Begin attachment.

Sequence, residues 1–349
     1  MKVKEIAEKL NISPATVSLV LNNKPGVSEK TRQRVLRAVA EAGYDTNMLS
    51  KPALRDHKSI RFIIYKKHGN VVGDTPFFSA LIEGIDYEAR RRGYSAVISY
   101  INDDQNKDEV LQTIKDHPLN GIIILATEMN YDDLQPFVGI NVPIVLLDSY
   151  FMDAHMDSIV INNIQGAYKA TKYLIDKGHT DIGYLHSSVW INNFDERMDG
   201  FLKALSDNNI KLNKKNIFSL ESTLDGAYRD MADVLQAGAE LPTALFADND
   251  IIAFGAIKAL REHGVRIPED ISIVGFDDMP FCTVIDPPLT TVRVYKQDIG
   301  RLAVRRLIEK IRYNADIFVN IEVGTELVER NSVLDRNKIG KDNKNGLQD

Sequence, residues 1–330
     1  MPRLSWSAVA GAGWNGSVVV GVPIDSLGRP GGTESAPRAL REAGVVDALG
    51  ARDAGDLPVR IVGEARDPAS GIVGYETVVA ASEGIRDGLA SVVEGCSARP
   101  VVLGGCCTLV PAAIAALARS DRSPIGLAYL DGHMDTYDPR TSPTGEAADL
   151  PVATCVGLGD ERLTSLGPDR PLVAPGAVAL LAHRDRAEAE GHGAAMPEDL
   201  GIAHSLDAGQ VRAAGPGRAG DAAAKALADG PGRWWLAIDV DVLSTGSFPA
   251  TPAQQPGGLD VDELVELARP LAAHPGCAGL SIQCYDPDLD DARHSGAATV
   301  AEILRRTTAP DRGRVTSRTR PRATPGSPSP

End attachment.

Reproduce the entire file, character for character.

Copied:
Sequence, residues 1–349
     1  MKVKEIAEKL NISPATVSLV LNNKPGVSEK TRQRVLRAVA EAGYDTNMLS
    51  KPALRDHKSI RFIIYKKHGN VVGDTPFFSA LIEGIDYEAR RRGYSAVISY
   101  INDDQNKDEV LQTIKDHPLN GIIILATEMN YDDLQPFVGI NVPIVLLDSY
   151  FMDAHMDSIV INNIQGAYKA TKYLIDKGHT DIGYLHSSVW INNFDERMDG
   201  FLKALSDNNI KLNKKNIFSL ESTLDGAYRD MADVLQAGAE LPTALFADND
   251  IIAFGAIKAL REHGVRIPED ISIVGFDDMP FCTVIDPPLT TVRVYKQDIG
   301  RLAVRRLIEK IRYNADIFVN IEVGTELVER NSVLDRNKIG KDNKNGLQD

Sequence, residues 1–330
     1  MPRLSWSAVA GAGWNGSVVV GVPIDSLGRP GGTESAPRAL REAGVVDALG
    51  ARDAGDLPVR IVGEARDPAS GIVGYETVVA ASEGIRDGLA SVVEGCSARP
   101  VVLGGCCTLV PAAIAALARS DRSPIGLAYL DGHMDTYDPR TSPTGEAADL
   151  PVATCVGLGD ERLTSLGPDR PLVAPGAVAL LAHRDRAEAE GHGAAMPEDL
   201  GIAHSLDAGQ VRAAGPGRAG DAAAKALADG PGRWWLAIDV DVLSTGSFPA
   251  TPAQQPGGLD VDELVELARP LAAHPGCAGL SIQCYDPDLD DARHSGAATV
   301  AEILRRTTAP DRGRVTSRTR PRATPGSPSP